3) If you still can't find a topic sentence, then maybe it doesn't have one, it's not stated. Then, you'll have to imply one and make it up yourself. He turned and looked back at the stand of raspberries. The bear was gone; the birds were singing; he saw nothing that could hurt him. There was no danger here that he could sense, could feel. In the city, at night, there was sometimes danger. You could not be in the park at night, after dark, because of the danger. But here, the bear had looked at him and had moved on and -- this filled his thoughts -- the berries were so good. Exercise 1 Remember, the main idea is the overall point of the paragraph. If the selection has a topic sentence, write it down. If it has no topic sentence, write the main idea of the paragraph in your own words. Like lots of other kids her age, eight-year-old Auralea Moore plays baseball, swims, and skis. She also has a favorite plaything: a 19-inch doll named Susan, who was handcrafted to look like her. Auralea was born with spina bifida, a birth defect that has left her paralyzed from the waist down. Her look-alike doll, equipped with a pair of blue and silver "designer" braces, helps her remember that although she may be handicapped, she is definitely not out of the action. Personally, I thought Maxwell was just about the homeliest dog I'd ever seen in my entire life. He looked like a little old man draped in a piece of brown velvet that was too long, with the leftover cloth hanging in thick folds under his chin. Not only that, his long droopy ears dragged on the ground; he had sad wet eyes and huge thick paws with splayed toes. I mean, who would love a dog like that, except my brother Joji, aged nine, who is a bit on the homely side himself. Imply the meaning and
make your own topic sentence. Exercise 2 for each of the following paragraphs, write a topic sentence that communicates the main idea. 1. A bottle of nail polish can cost as little as a dollar and last for months, depending on how much you use. You can find it in every color in nature and any unnatural color you can imagine. Best of all, if you get tired of a color, you can easily change it. 2. This movie is packed with action. I have never seen so many chases and explosions before. It also has an important lesson about friendship. The two main characters always look out for each other. Maybe the best thing about it is the music. The soundtrack will certainly be a bestseller. 3. First, you need some supplies. These include a roller or brush, a ladder tall enough to reach the roof, and enough paint to cover the whole house. You should have already scraped off the old paint. Start at the top of a section and work your way down to avoid dripping wet paint on a finished part. Supporting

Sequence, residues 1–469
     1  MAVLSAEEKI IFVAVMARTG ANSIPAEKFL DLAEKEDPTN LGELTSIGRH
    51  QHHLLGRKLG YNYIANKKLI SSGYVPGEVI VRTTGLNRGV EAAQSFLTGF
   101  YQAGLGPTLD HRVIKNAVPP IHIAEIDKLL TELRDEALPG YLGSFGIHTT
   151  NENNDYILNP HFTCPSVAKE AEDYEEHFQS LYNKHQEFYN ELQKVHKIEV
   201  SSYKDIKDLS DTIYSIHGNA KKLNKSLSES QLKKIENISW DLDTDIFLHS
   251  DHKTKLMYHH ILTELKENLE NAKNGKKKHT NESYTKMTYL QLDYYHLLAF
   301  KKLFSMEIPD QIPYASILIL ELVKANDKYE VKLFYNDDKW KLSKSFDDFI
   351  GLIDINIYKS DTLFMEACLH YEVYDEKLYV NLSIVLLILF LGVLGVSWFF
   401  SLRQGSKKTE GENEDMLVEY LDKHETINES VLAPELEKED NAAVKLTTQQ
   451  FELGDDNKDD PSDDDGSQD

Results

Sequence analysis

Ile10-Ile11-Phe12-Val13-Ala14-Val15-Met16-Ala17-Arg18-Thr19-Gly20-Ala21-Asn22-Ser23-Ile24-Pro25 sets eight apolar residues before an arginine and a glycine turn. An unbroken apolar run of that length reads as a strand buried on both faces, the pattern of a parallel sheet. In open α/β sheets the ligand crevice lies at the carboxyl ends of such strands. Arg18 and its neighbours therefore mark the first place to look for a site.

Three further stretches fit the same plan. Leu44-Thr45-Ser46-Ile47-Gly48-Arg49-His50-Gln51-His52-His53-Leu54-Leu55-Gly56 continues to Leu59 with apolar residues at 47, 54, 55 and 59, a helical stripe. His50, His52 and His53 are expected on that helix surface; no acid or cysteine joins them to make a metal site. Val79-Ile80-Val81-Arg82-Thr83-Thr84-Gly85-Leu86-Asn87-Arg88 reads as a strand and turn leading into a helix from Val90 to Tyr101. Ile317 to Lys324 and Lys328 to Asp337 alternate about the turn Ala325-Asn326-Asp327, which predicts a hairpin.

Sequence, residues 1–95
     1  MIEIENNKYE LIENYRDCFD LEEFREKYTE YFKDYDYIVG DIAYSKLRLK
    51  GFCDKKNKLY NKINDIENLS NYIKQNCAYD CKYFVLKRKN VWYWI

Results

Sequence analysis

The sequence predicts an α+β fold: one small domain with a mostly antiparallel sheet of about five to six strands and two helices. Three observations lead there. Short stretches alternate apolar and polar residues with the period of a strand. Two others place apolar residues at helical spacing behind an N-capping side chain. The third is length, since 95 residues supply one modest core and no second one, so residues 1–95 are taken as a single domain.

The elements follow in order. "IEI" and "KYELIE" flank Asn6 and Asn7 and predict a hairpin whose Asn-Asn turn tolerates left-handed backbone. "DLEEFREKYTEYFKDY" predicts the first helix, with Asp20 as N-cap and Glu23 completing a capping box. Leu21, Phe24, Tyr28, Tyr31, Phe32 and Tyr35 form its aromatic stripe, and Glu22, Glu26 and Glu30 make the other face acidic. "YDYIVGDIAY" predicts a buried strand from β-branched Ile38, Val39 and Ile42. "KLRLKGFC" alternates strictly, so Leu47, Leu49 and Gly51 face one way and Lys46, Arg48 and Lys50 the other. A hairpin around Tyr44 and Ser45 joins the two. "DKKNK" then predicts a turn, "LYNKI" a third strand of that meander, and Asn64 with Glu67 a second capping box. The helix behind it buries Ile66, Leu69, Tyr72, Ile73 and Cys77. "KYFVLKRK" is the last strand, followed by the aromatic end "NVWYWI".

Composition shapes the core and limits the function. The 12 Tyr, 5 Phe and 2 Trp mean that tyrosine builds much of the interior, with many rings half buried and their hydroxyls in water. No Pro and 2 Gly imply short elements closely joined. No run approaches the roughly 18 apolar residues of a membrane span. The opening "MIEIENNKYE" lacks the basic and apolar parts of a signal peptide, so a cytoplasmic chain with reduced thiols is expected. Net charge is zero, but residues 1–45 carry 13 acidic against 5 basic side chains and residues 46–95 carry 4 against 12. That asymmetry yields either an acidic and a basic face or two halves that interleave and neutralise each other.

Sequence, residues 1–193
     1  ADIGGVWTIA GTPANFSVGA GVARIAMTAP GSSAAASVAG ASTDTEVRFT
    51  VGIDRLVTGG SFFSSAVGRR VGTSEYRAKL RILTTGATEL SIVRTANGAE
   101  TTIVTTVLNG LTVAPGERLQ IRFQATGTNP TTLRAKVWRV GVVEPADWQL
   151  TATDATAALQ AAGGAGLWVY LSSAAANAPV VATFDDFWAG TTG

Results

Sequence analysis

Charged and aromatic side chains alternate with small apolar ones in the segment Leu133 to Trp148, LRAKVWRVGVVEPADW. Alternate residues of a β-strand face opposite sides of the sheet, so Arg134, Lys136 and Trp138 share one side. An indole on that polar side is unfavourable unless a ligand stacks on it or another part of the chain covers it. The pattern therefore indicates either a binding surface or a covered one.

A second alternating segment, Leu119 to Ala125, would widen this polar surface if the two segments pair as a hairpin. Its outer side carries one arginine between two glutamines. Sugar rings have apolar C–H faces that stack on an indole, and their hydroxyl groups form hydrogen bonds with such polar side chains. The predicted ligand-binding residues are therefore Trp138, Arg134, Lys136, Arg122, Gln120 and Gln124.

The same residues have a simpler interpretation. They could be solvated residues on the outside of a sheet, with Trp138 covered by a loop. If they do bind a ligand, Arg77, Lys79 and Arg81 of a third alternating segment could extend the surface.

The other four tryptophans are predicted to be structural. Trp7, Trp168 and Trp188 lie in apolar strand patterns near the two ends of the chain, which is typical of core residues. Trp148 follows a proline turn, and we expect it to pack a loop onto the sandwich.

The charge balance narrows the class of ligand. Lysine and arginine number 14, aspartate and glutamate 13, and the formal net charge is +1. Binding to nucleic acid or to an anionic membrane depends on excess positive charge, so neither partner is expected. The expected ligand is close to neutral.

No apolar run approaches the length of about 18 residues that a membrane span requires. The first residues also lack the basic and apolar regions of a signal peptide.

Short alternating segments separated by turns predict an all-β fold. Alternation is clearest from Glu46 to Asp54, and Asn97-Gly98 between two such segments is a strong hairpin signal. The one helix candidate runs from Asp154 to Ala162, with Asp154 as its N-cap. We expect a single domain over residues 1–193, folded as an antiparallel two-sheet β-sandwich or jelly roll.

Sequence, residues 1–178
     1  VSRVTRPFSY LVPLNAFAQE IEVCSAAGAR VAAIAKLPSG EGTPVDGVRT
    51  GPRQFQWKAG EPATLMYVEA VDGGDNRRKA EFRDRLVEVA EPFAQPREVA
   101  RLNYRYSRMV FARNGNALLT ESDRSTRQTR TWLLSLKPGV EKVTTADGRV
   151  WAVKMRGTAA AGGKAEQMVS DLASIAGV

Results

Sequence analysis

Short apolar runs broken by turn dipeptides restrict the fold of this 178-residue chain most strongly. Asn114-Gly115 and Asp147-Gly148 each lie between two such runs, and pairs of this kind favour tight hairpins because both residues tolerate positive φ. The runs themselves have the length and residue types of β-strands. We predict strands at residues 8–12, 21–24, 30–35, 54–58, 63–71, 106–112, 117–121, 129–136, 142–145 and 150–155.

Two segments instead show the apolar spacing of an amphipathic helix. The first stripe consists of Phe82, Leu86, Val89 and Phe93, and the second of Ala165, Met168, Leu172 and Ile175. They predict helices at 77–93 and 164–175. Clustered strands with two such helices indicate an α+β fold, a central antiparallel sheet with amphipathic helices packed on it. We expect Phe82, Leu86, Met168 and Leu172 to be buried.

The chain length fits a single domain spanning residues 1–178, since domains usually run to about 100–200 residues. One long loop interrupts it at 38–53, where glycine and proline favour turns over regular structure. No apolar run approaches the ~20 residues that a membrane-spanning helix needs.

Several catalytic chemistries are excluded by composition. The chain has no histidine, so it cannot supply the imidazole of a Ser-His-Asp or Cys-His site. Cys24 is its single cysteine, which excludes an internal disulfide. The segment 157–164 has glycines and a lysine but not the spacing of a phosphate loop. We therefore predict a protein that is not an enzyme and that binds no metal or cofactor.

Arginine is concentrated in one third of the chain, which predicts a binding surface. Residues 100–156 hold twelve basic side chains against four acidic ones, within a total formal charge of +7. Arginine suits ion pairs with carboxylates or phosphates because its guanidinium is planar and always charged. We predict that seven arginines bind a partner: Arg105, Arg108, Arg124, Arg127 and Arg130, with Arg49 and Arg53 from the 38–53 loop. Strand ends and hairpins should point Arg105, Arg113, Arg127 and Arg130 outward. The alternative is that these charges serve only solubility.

Sentences These are the details that expand on and explain a paragraph's main idea. These details can include: Sensory Detail Facts Examples Sensory details are what we experience through our five senses - sight, hearing, touch, taste, and smell. Facts give information that can be proven to be true. Examples give typical instances of an idea. Sight - The bright sun glared off the front windshield of the car. Hearing - Thunder boomed down the canyon, echoing off the walls. Touch - My hands felt frozen to the cold, steel handlebars. Taste - Thirstily, she gulped down the sweet orange juice. Smell - the sharp, unpleasant odor of asphalt met his nose. In 1998, Mark McGwire slammed seventy home runs in one season to break the record of sixty-one held by Roger Maris. Fierce windstorms occur worldwide. For example, tornadoes have
wind speeds over 200 miles per hour. Exercise 3 Practice with the following topic sentences, and create at least two details to support each one. 1. The Time I spend with my friends on Saturday nights is my favorite time of the week.
2. My dream is to spend two days in a shopping mall.
3. One person's actions can make a difference in the lives of others.
4. When I feel hungry, I can just imagine my favorite meal. The Clincher Sentence Also known as a concluding sentence, the clincher sentence echoes the topic sentence. Not all paragraphs have a clincher sentence, however. You may want one to cement your main idea in the reader's mind. Helping the homeless helps the community. When homeless people are given housing assistance and job training, they can become our neighbors, co-workers, and friends. Not only do they find work and learn to support themselves, but they also pay taxes and share their skills with others. Every person we help out of homelessness is one more person who can enrich our neighborhood and community. *Notice how the last sentence pulls together the meaning in the topic sentence. Exercise
4 For each of the following short paragraphs, write a clincher sentence by wrapping up the information but not repeating it. 1. Eating food in the library is a bad idea. Crumbs get on the floor and between the pages when you eat, even if you are careful. These tiny bits of food may be impossible for you to see, but insects know they are there and will raid the books to find them. These insects will eventually harm the pages.

2. Computers have made getting information faster and easier. Almost all schools use them now, and they are very helpful in doing homework or typing papers. Before computers were available, most students had to do research by going to libraries, which might not be open. Now students can use computers any time of the day in their own homes or at a friend's house. Supporting Sentences Clincher Sentence Topic Sentence ...and because it's Norris approved!!